Friday, December 24, 2010


Some people like sausage, some like scrapple, those often delicious, often intimidating mixtures of unidentifiable ingredients where you're probably better off not knowing exactly what you're eating.  I love mincemeat, which in England just means (hamburger) but in the US means a sweet melange that is most often found in pies.

When I was a kid I remember mince pie as standard fare (i.e. you could buy it at the store if you didn't feel like baking) although maybe my memory is wrong.  Today it seems to be an exotic relic prepared and eaten only by aficionados.  Of which I am one.

I hadn't baked a mince pie in many years for one reason or another -- too rich, too many desserts on the menu already, people wanted pumpkin, etc.  But as I was taking requests for Thanksgiving dinner my son mentioned mince pie and that seemed like a wonderful idea.  My husband, who loves to poke around in the back of cupboards and remind me of all the goodies I bought ten years ago and haven't served yet, found not one but two little boxes of mincemeat and delivered them with a flourish.  "These are probably so old we can't eat them any more," he announced, in terms that were guaranteed to make me take up the challenge.

So how old were they?  I don't know.  They looked a little beat-up, as might be expected from having been in the back of the cupboard for a decade.  They didn't use the nutritional labeling format we're familiar with now, so several years at the very least.  I know they were less than 18 years old, because the label said copyright 1992.   But I thought mincemeat is probably similar to fruitcake (which I also love) in that its mystery ingredients probably include some industrial-strength preservative.  I forged ahead. 

The Thanksgiving pie was wonderful, and nobody died from old age or botulism, so yesterday I pulled out the second box of mincemeat and made another pie for Christmas.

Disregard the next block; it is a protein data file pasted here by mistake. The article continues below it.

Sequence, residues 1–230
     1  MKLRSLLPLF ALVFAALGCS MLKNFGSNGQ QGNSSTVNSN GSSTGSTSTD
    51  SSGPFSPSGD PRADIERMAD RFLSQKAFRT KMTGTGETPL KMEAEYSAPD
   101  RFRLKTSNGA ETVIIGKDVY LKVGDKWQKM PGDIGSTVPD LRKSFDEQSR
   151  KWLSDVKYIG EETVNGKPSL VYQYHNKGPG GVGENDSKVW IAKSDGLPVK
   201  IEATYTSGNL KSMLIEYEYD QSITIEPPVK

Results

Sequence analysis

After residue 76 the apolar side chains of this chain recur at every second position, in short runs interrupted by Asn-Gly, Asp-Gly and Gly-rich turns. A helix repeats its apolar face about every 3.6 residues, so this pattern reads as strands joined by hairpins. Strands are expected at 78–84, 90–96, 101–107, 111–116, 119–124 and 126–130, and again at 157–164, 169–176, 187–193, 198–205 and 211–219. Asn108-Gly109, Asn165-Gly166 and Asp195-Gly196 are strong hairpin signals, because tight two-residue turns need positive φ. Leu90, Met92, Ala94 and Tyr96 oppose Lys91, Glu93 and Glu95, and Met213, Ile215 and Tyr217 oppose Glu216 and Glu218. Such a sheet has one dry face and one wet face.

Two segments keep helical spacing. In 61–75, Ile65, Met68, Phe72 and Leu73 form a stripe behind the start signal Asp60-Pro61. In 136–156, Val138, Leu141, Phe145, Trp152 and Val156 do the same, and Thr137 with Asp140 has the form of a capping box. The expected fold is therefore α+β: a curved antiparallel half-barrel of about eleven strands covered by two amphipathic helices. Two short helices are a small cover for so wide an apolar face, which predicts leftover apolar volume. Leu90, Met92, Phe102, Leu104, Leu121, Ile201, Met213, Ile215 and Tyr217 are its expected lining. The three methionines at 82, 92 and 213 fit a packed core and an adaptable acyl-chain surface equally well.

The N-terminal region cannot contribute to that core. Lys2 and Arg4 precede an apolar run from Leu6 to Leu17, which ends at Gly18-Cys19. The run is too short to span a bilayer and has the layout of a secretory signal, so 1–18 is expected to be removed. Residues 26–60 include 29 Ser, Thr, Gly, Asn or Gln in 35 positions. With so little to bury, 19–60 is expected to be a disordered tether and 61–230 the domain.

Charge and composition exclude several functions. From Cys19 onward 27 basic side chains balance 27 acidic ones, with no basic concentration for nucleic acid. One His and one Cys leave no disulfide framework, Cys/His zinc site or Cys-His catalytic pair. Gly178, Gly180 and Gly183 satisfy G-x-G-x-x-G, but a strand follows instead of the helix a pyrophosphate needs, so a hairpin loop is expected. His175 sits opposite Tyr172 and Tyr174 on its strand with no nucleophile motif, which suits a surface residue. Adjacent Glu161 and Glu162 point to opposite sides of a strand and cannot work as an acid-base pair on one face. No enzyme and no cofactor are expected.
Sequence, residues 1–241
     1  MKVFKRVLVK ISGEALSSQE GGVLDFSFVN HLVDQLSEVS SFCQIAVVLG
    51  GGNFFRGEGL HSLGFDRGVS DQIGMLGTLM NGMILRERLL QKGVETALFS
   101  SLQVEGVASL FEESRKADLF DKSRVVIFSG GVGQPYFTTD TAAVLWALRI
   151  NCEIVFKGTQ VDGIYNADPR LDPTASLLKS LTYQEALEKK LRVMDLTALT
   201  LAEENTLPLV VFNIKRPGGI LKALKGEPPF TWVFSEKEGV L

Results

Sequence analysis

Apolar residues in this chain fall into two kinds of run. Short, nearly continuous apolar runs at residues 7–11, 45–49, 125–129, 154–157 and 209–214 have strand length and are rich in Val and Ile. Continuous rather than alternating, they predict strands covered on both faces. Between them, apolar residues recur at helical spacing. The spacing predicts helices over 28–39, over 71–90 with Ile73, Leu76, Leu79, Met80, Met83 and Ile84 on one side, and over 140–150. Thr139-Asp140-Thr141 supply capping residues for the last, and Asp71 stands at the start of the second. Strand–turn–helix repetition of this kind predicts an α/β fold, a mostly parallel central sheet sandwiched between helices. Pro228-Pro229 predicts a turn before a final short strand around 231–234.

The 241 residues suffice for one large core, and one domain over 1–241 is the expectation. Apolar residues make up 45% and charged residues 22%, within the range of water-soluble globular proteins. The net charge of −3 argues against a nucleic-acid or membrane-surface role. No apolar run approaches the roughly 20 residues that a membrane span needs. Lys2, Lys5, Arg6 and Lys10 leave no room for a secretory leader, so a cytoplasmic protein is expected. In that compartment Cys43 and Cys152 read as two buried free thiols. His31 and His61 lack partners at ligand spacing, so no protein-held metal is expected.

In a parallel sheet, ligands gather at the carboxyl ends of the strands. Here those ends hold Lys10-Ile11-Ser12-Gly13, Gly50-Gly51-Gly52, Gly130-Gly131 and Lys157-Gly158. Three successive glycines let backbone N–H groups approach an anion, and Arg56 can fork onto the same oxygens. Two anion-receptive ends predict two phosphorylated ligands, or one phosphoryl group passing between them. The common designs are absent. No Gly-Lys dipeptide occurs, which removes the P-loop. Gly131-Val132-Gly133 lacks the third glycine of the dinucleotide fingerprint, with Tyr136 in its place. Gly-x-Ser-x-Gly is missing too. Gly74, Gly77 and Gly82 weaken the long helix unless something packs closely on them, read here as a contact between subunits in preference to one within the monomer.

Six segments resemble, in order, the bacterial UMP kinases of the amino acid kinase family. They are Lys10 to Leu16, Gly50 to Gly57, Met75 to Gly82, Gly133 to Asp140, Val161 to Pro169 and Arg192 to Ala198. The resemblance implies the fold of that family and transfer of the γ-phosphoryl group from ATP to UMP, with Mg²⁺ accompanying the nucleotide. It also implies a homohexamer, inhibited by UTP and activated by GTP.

If you didn't love mincemeat in advance, you would never proceed past the opened box (much like the old story marveling about the first person to eat an oyster).  It reveals a cellophane-wrapped brick of dark brown composite that smells glorious but resists arrest. 

I don't recall the texture of a fresh box of mincemeat, but the texture of my box was dense and a bit sticky.  The package said to "finely crumble" the stuff but I used a fork and plenty of elbow grease to break it into bits, then added water and brought it to a boil.

You could make a pie with just mincemeat (although that would require more than the single package I had left) but I have always added apples to cut the richness just a bit.  This pie required two big apples to fill it snugly.  I didn't bother mixing, just layered the apples and mincemeat.

Now comes the part where I channel my grandmothers -- the official way to trim piecrusts is to heft the pie in your left hand and wield the knife with your right, cutting downward as you twirl the pie around.  Yesterday I opted to seal the crusts by pressing them together with the tines of a fork, but meanwhile I was watching the movie of my grandmother pinching the crust into raised zigzags with her elegant fingertips.  And finally you must cut a flowing tree shape into the top crust so the steam, and a bit of juice, can escape.

I had a tiny sliver of pie last night, which along with the sliver I ate at Thanksgiving constitute the only desserts I have eaten in almost two years.  They were both worth the wait!!

Merry Christmas to everyone -- may your goose be fat, your pudding full of plums and your mincemeat pies delicious, now and in the new year.

1 comment:

  1. Oh Kathy! I LOVE mincemeat...even if the type we eat now has no meat in it whatsoever (the original did). When I make it, I mark it with a "T" because in some childhood book, the cook always marked it with a "T" because "Tis mince!"

    Then again....I also love fruitcake...and plum pudding...even if it is made with suet. :) I like the citron and wonderful mix of so many different flavors and textures. YUM! Good choice.